I’ve known Joanna since 4th grade. She’s always been dazzlingly beautiful, completely confident and totally talented. We spent a lot of time not knowing each other, but we reunited, better than ever, when I moved to LA in 2005. This year for her birthday, she wanted to go on the rides on the Santa Monica Pier.
On the roller coaster, they’ve figured out the maximum scream nexus and have placed a camera there, right as you are plunging to near-certain death. We got the picture — we’re in full-fright mode, hair all over, wide-eyed and molars out — in order to put it in the alumnae publication that comes out once a year from our Very Proper Elementary School.
Today felt a lot like Joanna’s birthday.
News came from my social worker that I am one of four families a young woman at UCLA is considering meeting, but that the baby’s father is pressuring her to hold on. “That is the problem with African American placements, the families do not want to let go. I will keep you posted but it does not look too promising,” the social worker wrote to me.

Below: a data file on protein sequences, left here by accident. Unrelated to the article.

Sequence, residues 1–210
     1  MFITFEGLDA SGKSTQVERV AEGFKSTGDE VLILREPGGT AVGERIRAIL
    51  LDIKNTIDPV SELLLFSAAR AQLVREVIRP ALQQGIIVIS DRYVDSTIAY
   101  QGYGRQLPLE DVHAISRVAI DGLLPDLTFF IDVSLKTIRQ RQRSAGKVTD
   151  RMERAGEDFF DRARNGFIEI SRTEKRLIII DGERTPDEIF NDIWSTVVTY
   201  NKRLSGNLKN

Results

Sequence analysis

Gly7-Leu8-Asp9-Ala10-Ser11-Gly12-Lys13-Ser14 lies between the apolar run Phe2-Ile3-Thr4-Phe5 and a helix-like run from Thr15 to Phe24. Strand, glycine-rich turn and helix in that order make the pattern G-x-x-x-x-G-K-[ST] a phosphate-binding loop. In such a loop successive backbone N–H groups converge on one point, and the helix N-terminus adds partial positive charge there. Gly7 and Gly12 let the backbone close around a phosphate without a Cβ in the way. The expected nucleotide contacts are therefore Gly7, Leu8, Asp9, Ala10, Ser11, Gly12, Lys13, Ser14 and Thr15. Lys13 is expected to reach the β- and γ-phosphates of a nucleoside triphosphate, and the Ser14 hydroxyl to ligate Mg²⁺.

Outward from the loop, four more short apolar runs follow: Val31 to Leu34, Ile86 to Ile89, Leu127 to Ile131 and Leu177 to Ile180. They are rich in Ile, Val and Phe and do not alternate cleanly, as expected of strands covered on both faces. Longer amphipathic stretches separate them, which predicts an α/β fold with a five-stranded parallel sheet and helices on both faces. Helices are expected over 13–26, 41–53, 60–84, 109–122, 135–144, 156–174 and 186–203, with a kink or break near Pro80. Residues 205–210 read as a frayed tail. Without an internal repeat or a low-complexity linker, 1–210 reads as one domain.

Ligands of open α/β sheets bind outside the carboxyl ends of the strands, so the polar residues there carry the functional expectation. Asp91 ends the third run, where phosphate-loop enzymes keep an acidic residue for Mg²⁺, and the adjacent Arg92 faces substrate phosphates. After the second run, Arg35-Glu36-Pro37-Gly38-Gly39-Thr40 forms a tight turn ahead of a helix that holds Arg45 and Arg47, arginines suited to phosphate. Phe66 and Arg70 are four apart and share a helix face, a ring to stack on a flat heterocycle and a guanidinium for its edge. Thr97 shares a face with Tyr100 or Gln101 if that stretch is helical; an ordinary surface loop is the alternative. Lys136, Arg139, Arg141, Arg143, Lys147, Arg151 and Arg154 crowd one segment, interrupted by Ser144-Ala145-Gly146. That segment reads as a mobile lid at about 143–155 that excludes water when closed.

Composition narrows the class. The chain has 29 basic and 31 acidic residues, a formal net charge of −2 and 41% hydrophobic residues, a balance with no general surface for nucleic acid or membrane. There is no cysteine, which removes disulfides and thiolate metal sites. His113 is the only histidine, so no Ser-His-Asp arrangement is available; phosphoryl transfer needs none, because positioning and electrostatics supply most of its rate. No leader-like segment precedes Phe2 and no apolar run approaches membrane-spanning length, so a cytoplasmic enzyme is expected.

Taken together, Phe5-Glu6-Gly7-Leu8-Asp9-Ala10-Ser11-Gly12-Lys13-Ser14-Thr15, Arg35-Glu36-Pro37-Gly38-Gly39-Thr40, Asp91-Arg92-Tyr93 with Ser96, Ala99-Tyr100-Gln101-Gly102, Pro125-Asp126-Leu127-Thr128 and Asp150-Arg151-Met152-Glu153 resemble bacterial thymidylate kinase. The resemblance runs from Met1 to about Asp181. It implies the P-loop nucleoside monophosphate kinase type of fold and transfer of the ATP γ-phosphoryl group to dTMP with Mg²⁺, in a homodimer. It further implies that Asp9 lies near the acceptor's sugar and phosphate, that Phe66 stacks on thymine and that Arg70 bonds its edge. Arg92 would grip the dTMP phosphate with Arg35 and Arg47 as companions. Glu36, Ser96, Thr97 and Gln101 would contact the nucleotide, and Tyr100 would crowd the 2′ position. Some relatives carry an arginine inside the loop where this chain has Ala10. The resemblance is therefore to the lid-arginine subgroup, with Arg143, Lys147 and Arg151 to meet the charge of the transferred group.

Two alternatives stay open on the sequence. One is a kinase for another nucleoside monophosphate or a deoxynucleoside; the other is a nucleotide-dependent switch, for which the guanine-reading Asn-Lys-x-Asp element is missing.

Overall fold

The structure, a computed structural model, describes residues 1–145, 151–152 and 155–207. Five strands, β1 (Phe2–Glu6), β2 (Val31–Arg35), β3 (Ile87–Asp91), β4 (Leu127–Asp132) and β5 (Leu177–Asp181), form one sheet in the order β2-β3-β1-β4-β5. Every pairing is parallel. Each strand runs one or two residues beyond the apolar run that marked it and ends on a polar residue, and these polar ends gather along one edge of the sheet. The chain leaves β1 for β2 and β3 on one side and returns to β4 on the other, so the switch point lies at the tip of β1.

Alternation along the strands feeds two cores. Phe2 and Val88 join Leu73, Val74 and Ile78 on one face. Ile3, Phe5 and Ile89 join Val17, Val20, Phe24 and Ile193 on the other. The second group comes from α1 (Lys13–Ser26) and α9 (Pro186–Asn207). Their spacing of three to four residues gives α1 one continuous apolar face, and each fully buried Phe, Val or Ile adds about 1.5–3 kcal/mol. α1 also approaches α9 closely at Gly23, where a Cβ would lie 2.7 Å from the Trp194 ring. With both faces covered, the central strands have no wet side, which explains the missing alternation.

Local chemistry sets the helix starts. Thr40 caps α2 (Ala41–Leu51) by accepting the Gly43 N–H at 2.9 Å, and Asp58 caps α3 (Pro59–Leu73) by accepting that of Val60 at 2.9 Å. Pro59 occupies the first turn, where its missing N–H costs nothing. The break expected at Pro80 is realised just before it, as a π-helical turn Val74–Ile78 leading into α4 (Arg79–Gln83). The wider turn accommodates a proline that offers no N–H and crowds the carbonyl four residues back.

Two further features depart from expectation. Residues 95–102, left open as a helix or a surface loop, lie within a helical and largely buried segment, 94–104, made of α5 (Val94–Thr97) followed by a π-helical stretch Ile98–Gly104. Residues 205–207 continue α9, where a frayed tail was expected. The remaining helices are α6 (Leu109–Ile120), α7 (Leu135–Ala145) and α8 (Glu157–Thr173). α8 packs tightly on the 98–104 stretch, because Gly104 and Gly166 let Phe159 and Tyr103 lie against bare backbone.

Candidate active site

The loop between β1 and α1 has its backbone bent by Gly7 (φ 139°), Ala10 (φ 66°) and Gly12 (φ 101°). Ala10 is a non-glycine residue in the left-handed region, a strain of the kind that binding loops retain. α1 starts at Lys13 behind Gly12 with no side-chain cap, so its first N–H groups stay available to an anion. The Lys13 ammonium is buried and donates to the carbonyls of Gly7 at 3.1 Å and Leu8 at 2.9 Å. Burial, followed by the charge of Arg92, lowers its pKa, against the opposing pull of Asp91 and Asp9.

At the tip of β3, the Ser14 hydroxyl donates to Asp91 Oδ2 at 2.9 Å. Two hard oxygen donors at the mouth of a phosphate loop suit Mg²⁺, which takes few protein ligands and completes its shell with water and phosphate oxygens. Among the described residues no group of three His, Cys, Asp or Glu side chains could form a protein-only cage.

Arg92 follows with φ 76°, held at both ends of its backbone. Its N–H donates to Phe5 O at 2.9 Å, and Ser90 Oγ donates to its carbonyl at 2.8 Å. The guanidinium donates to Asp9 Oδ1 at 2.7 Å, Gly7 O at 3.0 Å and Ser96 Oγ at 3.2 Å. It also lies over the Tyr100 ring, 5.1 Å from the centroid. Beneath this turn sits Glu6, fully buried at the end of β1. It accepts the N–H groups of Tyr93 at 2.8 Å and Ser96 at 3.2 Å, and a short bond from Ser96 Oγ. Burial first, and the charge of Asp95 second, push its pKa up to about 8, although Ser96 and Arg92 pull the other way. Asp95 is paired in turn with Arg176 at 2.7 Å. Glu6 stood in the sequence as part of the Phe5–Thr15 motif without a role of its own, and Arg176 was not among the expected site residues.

Then I felt all sick and like I am missing a whole chunk of information about how I should find this child. Like I’d been led on. Like adopting is only for the rich folk. So I sat at Taco Bell in Santa Ana, waiting for my support group at the agency to start. Wondering if I should cry or not.
I wandered in, early, to find the agency’s director in her office. I broke down and told her that I was feeling out of information and out of ideas and out of my league and maybe I should go through the foster program and — well, everything.
I guess she’s used to people like me. She told me she loved my profile and to make 25 copies so she can send it out next week.
It’s a little bit of information, and a little bit of hope. And the ride, at this particular moment, is a little smoother.